curvylou

textiles · exploration · misadventure

On Art and Self Doubt: August, 2015

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Poppies by Brenda Higginson

Complications

You are wishing to create. This wish is an exhortation, a command from deep within you. It cries out to be realized, it demands that you serve your own purposes… ~Fearless Creating, Eric Maisel

This text from the first paragraph of chapter one is just too dramatic for me, and a little cliché.

Also, some of the author’s terminology turns me off. He calls one of the first tools hushing. I don’t know why it bothers me so much, but I really can’t stand the word. Nevertheless, I recognize that it is a good tool: allowing ourselves a quiet, meditative time for ideas and connections to float to the surface of our minds.

I do tend to do this by default. I sit on the porch, hold my book, and think about what’s next with the textiles, layer on another layer, complexify, complicate.

I used to do that in my writing program at SF State. I’d begin an assignment, and before I knew it I’d be building in layers, sometimes so many of them, or on such complicated themes, that the whole was incoherent.

In textiles, I think it’s harder to achieve incoherence. Or at least, the layers I’m currently exploring tend to complicate the working process, but seem to me to be evolving towards a coherent whole.

For instance, I am a hand-spinner. I have A LOT of yarn lying around. When I injured my elbow and needed some non-taxing textile enjoyment, I decided to build my dyeing muscles by using some of the dye plants available at my own home.

I knew that mordants could change the color of a dye, so I decided to try rounds of dyeing with bougainvillea, rosemary, and coffee dyes using alum, brass, copper, and iron mordants. I spent weeks collecting the mordants from salvage yards, and in the meantime started envisioning what I’d do with said dyed yarn. I’d sit down for five minutes, and the plan would evolve, new directions and possibilities would emerge.

I’m learning to quilt, and thought something handmade and hand-stitched would be nice. I envisioned a beautiful pillow for the couch, but once I started reading India Flint’s EcoColour, I started considering a garment.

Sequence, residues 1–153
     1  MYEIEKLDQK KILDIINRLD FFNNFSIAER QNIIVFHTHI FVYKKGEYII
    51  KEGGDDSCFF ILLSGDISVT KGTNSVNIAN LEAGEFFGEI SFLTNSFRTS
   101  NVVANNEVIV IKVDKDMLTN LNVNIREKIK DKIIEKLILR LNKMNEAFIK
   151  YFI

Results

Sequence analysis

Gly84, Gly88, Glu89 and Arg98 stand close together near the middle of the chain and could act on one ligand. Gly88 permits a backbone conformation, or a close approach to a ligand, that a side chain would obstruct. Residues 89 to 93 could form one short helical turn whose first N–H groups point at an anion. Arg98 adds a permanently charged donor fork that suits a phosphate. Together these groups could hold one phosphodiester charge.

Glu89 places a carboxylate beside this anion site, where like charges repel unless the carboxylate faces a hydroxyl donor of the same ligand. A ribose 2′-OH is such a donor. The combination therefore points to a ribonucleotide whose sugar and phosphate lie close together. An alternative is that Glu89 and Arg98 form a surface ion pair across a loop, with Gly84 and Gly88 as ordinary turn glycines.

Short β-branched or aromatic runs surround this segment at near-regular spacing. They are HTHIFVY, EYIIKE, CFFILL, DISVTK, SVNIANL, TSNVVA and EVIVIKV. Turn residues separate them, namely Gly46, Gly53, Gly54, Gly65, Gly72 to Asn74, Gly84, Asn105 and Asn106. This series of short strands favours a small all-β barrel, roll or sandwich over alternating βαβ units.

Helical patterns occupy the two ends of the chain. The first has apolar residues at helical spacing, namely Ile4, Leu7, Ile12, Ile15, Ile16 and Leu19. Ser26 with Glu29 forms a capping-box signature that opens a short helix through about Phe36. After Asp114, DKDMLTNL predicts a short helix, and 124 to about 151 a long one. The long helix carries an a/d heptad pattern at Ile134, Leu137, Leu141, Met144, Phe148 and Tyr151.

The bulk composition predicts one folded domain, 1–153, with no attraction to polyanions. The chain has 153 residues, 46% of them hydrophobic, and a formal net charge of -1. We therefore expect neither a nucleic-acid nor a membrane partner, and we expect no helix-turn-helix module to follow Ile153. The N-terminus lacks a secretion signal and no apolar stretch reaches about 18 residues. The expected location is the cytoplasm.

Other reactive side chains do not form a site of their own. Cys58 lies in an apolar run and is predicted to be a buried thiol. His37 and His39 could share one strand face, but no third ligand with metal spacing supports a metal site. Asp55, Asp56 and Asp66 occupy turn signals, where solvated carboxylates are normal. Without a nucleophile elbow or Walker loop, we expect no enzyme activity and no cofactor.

I found a favorite skirt, traced the pattern, and started sewing a new one. In the process, I decided I wanted a wrap-around skirt with a tie at the side instead of zippers and buttons. To do this, I have to learn to make a skirt-waist. Then I decided I also wanted an embellished underskirt, so I’m sewing that too.

Honestly, the last two changes came about from mistakes. First, when I traced the pattern I failed to include the seam allowance, so it was too small. In order to make it larger, I’d need to add an extra panel, which would ruin the bilateral symmetry… and make it perfect for a wraparound. The underskirt came about when I understood how truly thin the fabric I’d chosen was, and realized it would need a slip. Ruffled underskirts are way better then slips!

For me, the mistakes illustrate how necessary flexibility is, the ability to make a general plan, but then play it as it lies instead of sticking rigidly to protocol. A certain improvisation seems important to me, and in that sense the hushing seems to work well for me. (I’ve got to find a better word.)

Because the skirt is cotton and I’m currently test-dyeing wool, I’m adding cotton dye and mordant tests to my process. Cellulose fibers need different mordants than animal fibers, so I’m exploring soy, gelatin, and others. (I honestly regret not bringing home any elk dung, I swear. I asked Matt what he would say if I tried to stuff a sack of elk poop into the trunk for the six-hour ride home. He said, “Baby, I would have been fine with the elk poop.” Can you believe this guy?)

In the meantime, I went to Humboldt and raided a friend’s backyard for new dyestuffs. And there’s all of Twin Peaks to explore and prune of fennel and ivy invasives, so I might play with those possibilities.

Once the skirt is sewn together, I’ll dye it, embellish it with the yarns, and perhaps some beads I’ve picked up at salvage yards too.

So you see? LAYERS. Complexity.

Desire. Lust. Satisfaction.

One process after another, complication that hopefully results in a solid, hand-made whole. I cannot describe the satisfaction I derive from thinking this through, from taking each step, even when that step is cracking acorns and grinding them to meal to leach the tannin to use as a mordant. Levels of drool and lust are off the charts, I’m happy, I’m at peace.